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Skill Overview

What are the levels of understanding?

There are three levels of understanding: literal, inferential, and propositional. 

  • Literal comprehension is the basic understanding of the text, often answered by questions such as who, what, when, and where.

  • Inferential comprehension requires the reader to link ideas within the text that are not explicitly stated. Inferential questions often answer why or how. Inferential level of understanding also considers the author's purpose, word choice, and mood of the text.

  • Propositional comprehension use the literal and inferential knowledge of the text and connects it to other sources, whether background knowledge or information from another text. When new information is presented, the readers may be prompted to change their thinking or actions in response to the text. It asks of the reader to consider what's next.


What tasks should students be able to demonstrate to indicate mastery of this skill?

  • Ability to answer who, what, when, where, why, and how

  • Ability to link ideas within text

  • Ability to formulate new or changed ideas about a subject

  • Ability to create and describe a mental image of what is read


Why is understanding the levels of understanding important to reading?

Books were written to change the reader on some level.  Thinking about texts at various levels deepens the understanding of the text and aids in the reader understanding and growing from what they have read. 

Structured Literacy Tools

Sequential and Cumulative

Systematic and Explicit

To Mastery

Systematic instruction of comprehension demands a thoughtful and intentional curriculum that builds background knowledge, even as it is demonstrating critical thinking that leads to comprehension products (e.g., cause and effect, main idea, etc.).  Systematic and explicit instruction in this domain includes strategic and thoughtful text selections paired to learning goals.  Graphic organizers and anchor charts help make explicit the thinking process which is the essence of comprehension.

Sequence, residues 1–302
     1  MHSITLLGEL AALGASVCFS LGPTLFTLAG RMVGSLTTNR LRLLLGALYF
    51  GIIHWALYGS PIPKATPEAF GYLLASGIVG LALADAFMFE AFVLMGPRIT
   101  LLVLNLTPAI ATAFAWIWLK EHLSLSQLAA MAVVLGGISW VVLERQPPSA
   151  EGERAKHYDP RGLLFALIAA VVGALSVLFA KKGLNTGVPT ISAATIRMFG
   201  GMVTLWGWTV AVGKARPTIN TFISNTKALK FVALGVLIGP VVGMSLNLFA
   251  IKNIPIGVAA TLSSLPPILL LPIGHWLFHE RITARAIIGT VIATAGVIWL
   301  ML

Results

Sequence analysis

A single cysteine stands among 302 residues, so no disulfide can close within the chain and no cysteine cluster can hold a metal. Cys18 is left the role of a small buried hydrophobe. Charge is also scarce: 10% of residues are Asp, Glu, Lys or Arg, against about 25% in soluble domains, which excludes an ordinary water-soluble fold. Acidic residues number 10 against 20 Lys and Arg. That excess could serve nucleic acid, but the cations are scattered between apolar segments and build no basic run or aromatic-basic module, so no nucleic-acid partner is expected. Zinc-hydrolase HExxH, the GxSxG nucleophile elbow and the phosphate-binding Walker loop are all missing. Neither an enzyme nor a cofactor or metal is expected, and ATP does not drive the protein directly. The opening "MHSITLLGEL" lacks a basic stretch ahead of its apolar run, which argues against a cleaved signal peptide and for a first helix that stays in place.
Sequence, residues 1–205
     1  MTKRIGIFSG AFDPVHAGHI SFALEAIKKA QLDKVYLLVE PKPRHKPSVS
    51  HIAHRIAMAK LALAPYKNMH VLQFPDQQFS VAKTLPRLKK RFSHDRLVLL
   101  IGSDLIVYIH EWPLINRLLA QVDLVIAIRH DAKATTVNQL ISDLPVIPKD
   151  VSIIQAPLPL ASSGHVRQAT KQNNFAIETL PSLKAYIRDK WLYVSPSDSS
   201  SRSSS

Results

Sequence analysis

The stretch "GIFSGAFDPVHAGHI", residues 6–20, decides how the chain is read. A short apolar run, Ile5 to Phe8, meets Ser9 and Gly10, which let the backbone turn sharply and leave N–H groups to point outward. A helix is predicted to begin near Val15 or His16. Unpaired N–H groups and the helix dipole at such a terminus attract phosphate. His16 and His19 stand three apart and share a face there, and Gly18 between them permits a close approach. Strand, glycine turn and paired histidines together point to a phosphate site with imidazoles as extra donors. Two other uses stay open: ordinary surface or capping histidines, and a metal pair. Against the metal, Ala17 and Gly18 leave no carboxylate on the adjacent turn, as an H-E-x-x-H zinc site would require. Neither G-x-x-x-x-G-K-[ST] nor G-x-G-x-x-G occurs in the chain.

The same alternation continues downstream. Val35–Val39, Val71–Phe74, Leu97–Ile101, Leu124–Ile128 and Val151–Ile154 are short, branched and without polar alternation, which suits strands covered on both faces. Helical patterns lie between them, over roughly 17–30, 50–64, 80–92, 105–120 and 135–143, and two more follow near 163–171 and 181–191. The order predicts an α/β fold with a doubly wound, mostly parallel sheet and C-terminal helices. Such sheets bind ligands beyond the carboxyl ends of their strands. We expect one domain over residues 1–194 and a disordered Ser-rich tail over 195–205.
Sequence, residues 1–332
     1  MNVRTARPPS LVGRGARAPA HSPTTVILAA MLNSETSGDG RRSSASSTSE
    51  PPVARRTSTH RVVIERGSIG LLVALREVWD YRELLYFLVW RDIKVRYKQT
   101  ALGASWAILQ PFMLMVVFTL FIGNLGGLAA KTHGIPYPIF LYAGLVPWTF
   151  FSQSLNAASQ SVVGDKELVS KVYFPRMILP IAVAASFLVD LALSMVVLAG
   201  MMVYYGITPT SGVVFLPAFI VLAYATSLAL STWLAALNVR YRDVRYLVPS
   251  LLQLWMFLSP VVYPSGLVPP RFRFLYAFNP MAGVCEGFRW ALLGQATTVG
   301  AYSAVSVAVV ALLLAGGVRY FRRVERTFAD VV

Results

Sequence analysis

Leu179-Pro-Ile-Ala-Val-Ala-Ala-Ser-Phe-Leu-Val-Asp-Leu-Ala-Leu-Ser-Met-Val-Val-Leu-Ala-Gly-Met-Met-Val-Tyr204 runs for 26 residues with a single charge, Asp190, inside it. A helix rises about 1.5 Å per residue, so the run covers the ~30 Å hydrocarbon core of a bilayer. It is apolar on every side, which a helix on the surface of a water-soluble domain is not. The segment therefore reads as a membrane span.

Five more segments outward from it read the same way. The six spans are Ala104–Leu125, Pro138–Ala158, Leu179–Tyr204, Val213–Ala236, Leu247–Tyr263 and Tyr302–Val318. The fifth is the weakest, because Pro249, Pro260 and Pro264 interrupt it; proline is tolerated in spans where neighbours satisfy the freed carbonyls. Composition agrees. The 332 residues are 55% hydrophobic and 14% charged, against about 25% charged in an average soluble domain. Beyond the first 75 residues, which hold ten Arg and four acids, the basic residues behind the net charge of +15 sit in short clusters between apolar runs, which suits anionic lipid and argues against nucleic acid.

The levels of understanding required to make meaning of text provide a clear and logical sequence for teaching comprehension strategies:  literal, inferential, propositional.  The cumulative nature of teaching comprehension requires that students must first understand the facts as reported or accounted in a story or informational text before they can interpret more nuanced meaning.  This is reflected in the Common Core Standards (and Mississippi’s College and Career-Readiness Standards) that begin with “key ideas and details” before moving toward “craft and structure” and ultimately the “integration of knowledge and ideas.”

Since comprehension is the goal of reading and comprehension requires both proficient decoding and proficient language, achieving mastery must first secure skills in these two areas.  Hollis Scarborough’s Rope Model illustrates clearly the subskills of word recognition:

  • phonological awareness

  • decoding

  • sight recognition 


The subskills of language comprehension are:

  • background knowledge

  • vocabulary 

  • language structures

  • verbal reasoning 

  • literacy knowledge 


When a student has achieved a level of proficiency in these areas, they will be able to comprehend complex text at or above grade level independently (Scarborough, 2001). 

Practice Resources

Downloadable Files From BRI Resources
Downloadable Files From Literacy Partners



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